Am I Able To Get Social Security Retirement Benefits If I'm Working?

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You can get Social Security retirement benefits and continue to work. Beginning in the month you reach full retirement age, you can get full benefits without limits on your earnings. If you apply for benefits at age 62 or before full retirement age, any wages you earn will reduce the amount you receive in benefits. However, these benefits are not lost. Whatever is withheld now will end up increasing your benefits once you reach full retirement age.

There is a formula for how much your benefit is reduced if you start taking benefits before full retirement age. Social Security will deduct $1 in benefit payments for every $2 you earn above the annual limit, which for 2019 is $17,640.

In the year that you reach full retirement age but before the month of your birthday, Social Security will deduct $1 in benefit payments for every $3 you earn beyond $46,920 as of 2019.

When you reach full retirement age your earnings will no longer reduce your benefits no matter how much you earn beginning with the month you reach full retirement age. The Social Security Administration will recalculate your benefit amount to exclude months when your benefits were reduced or withheld due to excessive earnings.

Benefits Before Full Retirement Age

Income from things like government benefits, investments, pensions, and annuities are not counted toward the earnings limit, but your contribution to a retirement plan will be counted in your gross earnings.

There is a special earnings rule that applies if your earnings are over the limit during the first year of retirement. Under this rule, you can get a full Social Security check for any whole month that you are considered retired regardless of your annual earnings. If you will not reach full retirement age—66 for someone born in 1953—during the year you retire, you are considered retired in any month that your earnings are less than $1,410 and you were not self-employed. If you do turn 66 that year, you are considered retired in any month that your earnings are $3,740 or less and you were not self-employed.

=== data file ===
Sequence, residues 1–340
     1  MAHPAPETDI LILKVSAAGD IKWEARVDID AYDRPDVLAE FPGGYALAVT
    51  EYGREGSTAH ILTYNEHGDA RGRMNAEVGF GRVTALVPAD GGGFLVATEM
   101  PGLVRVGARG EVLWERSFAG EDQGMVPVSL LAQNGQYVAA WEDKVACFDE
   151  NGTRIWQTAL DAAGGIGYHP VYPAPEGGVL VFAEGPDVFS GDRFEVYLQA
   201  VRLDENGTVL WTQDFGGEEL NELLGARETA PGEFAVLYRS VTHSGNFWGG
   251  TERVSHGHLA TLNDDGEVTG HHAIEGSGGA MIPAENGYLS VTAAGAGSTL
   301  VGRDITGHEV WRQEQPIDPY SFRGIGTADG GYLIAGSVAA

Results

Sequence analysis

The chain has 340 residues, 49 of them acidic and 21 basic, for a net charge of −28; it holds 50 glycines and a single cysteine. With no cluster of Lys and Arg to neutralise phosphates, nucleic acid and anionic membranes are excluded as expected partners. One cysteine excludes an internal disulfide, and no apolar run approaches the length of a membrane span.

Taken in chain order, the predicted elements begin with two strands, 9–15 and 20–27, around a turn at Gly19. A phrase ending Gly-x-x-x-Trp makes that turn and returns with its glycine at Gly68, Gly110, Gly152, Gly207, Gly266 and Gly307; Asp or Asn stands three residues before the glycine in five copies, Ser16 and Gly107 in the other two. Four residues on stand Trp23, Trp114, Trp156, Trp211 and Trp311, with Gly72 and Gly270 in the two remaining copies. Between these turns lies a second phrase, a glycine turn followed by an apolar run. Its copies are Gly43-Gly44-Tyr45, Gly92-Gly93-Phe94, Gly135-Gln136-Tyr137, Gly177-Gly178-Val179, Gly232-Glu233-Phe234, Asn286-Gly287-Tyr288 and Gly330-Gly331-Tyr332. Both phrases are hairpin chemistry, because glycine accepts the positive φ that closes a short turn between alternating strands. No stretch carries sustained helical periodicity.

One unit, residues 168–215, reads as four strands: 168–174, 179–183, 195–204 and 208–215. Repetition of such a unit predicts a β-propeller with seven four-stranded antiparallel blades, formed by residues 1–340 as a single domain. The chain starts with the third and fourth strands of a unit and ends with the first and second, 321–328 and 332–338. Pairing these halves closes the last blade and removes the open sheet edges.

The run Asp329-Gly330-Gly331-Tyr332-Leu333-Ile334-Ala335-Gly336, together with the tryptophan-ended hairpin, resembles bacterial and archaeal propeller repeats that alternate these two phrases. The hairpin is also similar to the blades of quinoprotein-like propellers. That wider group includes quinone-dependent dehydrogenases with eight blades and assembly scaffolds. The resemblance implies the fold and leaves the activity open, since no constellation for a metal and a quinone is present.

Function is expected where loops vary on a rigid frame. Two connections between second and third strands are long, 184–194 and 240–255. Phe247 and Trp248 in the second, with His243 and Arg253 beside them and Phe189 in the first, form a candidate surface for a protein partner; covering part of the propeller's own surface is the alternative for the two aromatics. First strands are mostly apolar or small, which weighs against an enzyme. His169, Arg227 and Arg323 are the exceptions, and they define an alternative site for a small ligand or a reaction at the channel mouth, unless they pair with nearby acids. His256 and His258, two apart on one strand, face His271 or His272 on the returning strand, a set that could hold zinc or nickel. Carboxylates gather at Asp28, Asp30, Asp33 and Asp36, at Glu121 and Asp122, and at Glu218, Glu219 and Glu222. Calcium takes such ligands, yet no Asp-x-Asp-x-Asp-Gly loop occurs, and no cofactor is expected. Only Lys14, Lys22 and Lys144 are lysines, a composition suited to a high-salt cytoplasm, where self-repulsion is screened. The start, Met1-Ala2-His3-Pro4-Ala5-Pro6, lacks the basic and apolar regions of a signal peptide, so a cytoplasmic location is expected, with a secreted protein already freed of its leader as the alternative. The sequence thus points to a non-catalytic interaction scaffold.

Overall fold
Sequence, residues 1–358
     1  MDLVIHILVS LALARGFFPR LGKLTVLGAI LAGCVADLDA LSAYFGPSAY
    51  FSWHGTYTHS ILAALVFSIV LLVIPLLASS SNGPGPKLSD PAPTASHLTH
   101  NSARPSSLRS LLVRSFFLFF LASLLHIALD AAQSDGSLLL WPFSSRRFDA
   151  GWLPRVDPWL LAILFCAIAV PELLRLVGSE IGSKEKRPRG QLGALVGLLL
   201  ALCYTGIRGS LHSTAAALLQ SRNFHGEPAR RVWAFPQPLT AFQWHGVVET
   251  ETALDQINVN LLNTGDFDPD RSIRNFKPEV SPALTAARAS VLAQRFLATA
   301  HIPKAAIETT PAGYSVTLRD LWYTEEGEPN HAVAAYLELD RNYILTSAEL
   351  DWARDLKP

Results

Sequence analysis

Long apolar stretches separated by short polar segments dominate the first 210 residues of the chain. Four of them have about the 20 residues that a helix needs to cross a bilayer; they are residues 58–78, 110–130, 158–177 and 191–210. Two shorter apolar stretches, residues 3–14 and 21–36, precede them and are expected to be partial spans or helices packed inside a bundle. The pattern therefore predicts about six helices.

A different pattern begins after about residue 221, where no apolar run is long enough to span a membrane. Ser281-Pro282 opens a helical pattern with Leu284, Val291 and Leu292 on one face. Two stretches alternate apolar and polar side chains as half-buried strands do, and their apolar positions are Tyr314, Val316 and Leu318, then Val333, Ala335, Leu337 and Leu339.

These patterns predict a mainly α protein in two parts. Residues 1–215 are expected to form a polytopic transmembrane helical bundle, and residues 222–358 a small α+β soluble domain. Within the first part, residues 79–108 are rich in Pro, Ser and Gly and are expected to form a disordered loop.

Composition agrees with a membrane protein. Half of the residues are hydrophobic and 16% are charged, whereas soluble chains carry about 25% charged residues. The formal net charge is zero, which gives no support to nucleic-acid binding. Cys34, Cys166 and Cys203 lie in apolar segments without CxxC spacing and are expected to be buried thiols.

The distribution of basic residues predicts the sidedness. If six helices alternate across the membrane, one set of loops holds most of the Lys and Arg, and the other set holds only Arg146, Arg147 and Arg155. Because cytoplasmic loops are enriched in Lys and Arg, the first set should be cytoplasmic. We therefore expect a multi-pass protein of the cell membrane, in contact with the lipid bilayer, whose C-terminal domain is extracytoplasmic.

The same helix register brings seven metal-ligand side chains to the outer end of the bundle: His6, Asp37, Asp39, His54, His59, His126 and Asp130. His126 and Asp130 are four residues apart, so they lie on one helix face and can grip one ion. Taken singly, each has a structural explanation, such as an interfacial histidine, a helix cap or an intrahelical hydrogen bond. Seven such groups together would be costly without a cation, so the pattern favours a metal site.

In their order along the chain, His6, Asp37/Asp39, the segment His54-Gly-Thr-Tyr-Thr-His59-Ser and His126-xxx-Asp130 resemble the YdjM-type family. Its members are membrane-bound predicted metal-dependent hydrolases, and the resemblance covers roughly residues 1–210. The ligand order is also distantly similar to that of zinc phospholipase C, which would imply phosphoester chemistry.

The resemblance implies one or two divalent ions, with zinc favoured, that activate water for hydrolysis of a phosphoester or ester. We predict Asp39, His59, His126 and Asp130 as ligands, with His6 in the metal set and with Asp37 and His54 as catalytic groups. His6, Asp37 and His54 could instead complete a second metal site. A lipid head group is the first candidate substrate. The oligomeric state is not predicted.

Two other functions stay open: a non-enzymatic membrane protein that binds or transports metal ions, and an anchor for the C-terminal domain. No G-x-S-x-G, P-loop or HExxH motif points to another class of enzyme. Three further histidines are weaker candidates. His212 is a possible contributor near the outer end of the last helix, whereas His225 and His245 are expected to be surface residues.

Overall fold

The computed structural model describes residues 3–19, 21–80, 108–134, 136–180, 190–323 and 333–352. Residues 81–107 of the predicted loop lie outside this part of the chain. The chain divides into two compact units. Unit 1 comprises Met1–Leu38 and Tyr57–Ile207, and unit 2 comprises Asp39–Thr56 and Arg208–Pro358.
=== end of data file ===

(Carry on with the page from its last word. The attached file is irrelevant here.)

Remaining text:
The rule actually refers to self-employment as "substantial services in self-employment." Social Security defines retirement in very specific terms. You are retired if you work less than 15 hours per month. You are definitely not retired if you work more than 45 hours per month. If you work somewhere in between 15 and 45 hours a month, your retirement status depends on the type of work you do. Highly skilled professionals working more than 15 hours a month are generally considered not retired by Social Security.

Deciding When to Receive Benefits

Choosing what age to start your Social Security benefits is an important decision, and there is no one-size-fits-all answer. Ultimately, you have to make the best decision for your unique situation.

Factors to consider in addition to understanding how work will affect your Social Security decision include your health history, family longevity history, how you will obtain health insurance, and if you have enough income to allow you to delay starting your benefits.

Disclaimer: Please seek legal assistance or assistance from state, federal, or international governmental resources to make certain your legal interpretation and decisions are correct. The Social Security Administration answers questions via its hotline at (800) 772-1213. This information is not legal advice and is for guidance only.